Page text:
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Staff Picks: February 13, 2020

Staff Picks: Daniel

Lithics: Wendy Kraemer 12” (Moone Records)

Portland’s Lithics have been around for a few years now, having released two full-lengths and an incredible single on Thrilling Living, which featured one of my favorite songs of the past several years, “Photograph, You of.” Wendy Kraemer, though, isn’t a new full-length but a vinyl re-release of an earlier cassette. Lithics’ sound on their other records is stoic, precise, and maybe even a little cold, but Wendy Kraemer is different, collecting practice tapes, home recordings, and other less polished audio artifacts. You’ll recognize many of the songs from the versions that appeared on the records, but these versions are loose, warm, and intimate. It feels like looking through a great artist’s sketchbook, and I love it. If you’re a fan of Lithics, this is a must-hear, but there’s no reason that unfamiliarity should stop you from sampling this lo-fi gem.

Staff Picks: Jeff

Sacrifice: Total Steel 12” (Bitter Lake) 

I’ll start with first impressions: When I first saw the artwork on this record, I thought to myself, “Wow, this literally looks like a 90s-era Motörhead record.” -- both by the artwork and of course Sacrifice also being the title of a 90s Motörhead album. Funny enough, after listening to “Total Steel”, I don’t think I was too far off.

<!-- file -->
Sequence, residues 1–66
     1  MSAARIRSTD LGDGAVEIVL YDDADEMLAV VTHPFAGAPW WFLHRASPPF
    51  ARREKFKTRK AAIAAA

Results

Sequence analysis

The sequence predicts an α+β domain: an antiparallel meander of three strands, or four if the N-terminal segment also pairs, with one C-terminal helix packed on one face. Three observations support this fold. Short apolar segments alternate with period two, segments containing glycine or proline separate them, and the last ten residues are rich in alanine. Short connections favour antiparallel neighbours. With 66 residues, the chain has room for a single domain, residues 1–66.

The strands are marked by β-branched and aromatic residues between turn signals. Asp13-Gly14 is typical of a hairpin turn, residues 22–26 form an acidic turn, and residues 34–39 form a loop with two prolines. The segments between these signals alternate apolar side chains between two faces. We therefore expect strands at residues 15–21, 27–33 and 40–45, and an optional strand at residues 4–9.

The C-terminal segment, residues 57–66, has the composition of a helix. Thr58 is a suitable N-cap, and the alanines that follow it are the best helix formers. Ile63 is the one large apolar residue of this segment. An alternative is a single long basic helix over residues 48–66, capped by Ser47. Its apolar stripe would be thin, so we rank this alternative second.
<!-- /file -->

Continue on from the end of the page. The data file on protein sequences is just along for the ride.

Sacrifice is a metal band from Japan that was active from the mid 80s into the early 90s, and to be honest, they really weren’t on my radar until this reissue. Bitter Lake has done some killer reissues of Japanese bands over the last few years, but until now, they’ve seemed to mainly tackle post-punk and hardcore -- so a thrash metal album from 1990 was a bit of a surprise. I came to learn that Total Steel is actually Sacrifice’s 2nd album, and that their debut Crest of Black is considered a Japanese metal cult classic. I went back and checked out Crest of Black, which has a much rawer and darker sound, almost like Venom or Possessed. To my ears, Total Steel is a huge leap from their first record. It feels more ambitious in terms of musical execution, tightness and amazingly heavy, but crisp production. The guitarist’s lead playing on this record is absolutely blistering.

One of things that Bitter Lake’s description discusses is that perhaps part of the reason Total Steel isn’t held in as high of a regard as the first album is that in 1990 it was only released on CD. Crazy to think that 2020 is the first time this record has ever been available on vinyl. Hopefully now all you punk-metal degenerates will get hip to this Sacrifice record because I think it’s a monster.


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